“…tenderhearted, forgiving one another, even as God for Christ’s sake hath (already) forgiven you.”
God has already forgiven you, and what’s past is done! And when God finishes it, it’s done completely. Now let’s go back and see what it was like under the Law. Now here’s another graphic difference between Law and Grace. Look in Matthew chapter 6, and we’ll begin with verse 8. Now I maintain that this prayer is a complete misnomer. That should have never been called the Lord’s Prayer, but rather it’s the Disciples Prayer. The Lord’s Prayer is in John chapter 17, that’s what He prayed, but here He’s teaching the twelve disciples what to pray for the nation of Israel. So it’s the Disciples’ Prayer, remember that. Jesus is speaking here in His earthly ministry.
“Be not ye therefore like unto them: (the unbelieving world all around them) for your Father knoweth what things ye have need of, before ye ask him.”
Oh, that tells us something doesn’t it? Does that mean we don’t have to pray? No. The Lord went right on and told them how to pray. So even today people will call and write and say, “If God knows everything, if God is Sovereign and everything is going to be as He pre-planned it, then why pray?” Have you heard that? Yeah, you have. Well I tell people this, even in God’s foreknowledge of everything, do you know what He also factored into the formula? Your prayers. Now you chew on that for a week or two. So praying does enter into the whole sphere of things. Prayer does change things, not that we change God’s mind, but all of that is factored in to the fact that we are to pray. So here is how the disciples, under Law, were to pray.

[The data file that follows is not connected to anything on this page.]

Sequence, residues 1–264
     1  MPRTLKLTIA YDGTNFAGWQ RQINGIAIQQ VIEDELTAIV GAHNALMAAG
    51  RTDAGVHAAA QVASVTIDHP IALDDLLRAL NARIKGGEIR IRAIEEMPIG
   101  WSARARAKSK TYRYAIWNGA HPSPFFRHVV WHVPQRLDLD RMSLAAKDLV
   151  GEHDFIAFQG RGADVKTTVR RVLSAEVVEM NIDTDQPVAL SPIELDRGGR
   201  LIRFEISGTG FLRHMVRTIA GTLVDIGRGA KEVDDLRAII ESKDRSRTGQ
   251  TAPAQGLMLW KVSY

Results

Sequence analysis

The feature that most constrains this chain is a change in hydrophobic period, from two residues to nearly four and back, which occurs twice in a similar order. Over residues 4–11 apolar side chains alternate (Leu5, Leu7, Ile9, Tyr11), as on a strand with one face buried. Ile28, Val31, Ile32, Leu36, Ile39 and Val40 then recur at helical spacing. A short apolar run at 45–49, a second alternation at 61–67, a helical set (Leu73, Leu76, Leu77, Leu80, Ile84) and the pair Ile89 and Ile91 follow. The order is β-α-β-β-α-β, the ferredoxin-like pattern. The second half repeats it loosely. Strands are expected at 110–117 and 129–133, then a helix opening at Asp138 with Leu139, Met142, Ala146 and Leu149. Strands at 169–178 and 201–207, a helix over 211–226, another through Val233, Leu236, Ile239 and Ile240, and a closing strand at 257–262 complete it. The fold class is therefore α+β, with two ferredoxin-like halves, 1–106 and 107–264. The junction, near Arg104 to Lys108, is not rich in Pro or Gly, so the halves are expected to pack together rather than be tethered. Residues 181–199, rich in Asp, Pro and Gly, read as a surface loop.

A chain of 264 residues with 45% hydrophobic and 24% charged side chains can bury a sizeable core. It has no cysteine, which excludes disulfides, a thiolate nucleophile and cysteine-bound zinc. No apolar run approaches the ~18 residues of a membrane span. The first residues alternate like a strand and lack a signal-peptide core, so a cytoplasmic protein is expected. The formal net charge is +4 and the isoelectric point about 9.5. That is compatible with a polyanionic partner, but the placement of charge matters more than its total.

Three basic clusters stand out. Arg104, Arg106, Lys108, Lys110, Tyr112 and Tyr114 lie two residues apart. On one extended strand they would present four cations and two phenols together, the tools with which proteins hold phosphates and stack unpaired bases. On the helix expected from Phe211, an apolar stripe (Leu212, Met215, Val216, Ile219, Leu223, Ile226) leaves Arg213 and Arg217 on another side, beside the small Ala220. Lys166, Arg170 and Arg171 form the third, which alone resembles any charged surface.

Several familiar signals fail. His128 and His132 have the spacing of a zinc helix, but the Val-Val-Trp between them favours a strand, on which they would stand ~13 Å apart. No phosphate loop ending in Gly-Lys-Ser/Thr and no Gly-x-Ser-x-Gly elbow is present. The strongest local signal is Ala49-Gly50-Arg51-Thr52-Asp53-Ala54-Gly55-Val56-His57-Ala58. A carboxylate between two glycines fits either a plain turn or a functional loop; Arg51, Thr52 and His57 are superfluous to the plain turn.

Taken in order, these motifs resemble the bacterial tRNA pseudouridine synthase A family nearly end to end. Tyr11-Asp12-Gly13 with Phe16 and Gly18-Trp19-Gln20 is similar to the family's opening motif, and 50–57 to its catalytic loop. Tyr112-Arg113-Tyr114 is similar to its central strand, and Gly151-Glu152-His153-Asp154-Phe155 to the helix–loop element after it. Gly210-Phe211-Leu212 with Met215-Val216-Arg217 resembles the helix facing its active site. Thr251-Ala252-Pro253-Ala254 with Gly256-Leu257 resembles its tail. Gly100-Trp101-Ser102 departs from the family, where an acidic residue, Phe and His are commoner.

“After this manner therefore pray ye: (and I think this part is appropriate for everyone. We still approach the Father, and we recognize and revere who He is) Our Father which art in heaven, Hallowed be thy name. 10. Thy kingdom come….”
You know we still think the Kingdom is coming, but not as they thought it was going to come. See, they thought it should have come while Christ was there, and that’s why He presented Himself as their Messiah, and King, and the Kingdom was also in the offer. But we look forward to the time when Christ will come and set up His Kingdom, and we’ll be ruling and reigning with Him over that 1000 year Kingdom rule, and it’s a lot closer than most think.
“Give us this day our daily bread.”
This is also a reasonable request. But here in verse 12 is where there is such a graphic difference between Law and Grace. Always remember Jesus’ earthly teachings were all under Law. I stress that everywhere I go. Never once did Jesus tell the twelve disciples or any of His followers to stop Temple worship, did He? No! Did He ever tell any of those Jews that they were no longer under the Law? Quite the opposite was His answers. He told the rich young ruler who had asked how he might receive eternal life the following.
“And, behold one came and said unto him, Good Master, what good thing shall I do, that I may have eternal life? 17. And he (Jesus) said unto him, Why callest thou me good? there is none good but one, that is God: but if thou wilt enter into life, keep the commandments.”
Now that’s plain as day isn’t it? In another place he heals the lepers, and Jesus told them, “Go show yourself to the priest.” Why? Because that was the Jewish Law that they were under. One with leprosy could not go back into society until the priest at the temple had recognized the absence of their leprosy, and were pronounced free to enter back into society. So always remember everything that Jesus taught was in accordance with the Law of Moses. Never did He tell them that they weren’t under the Law, so just go ahead and forget it.
And that of course was where Paul got into trouble with the Jews of his day, when he started preaching to his congregations and writing in his letters that they were no longer under the Law, but rather under Grace. And that’s where I get into trouble also. Oh not real trouble, but people sure do raise their eyebrows, as they say, “Where do you get all this stuff?” It’s as plain as day, as here are some good examples. Under Law from the Lord’s own lips we read.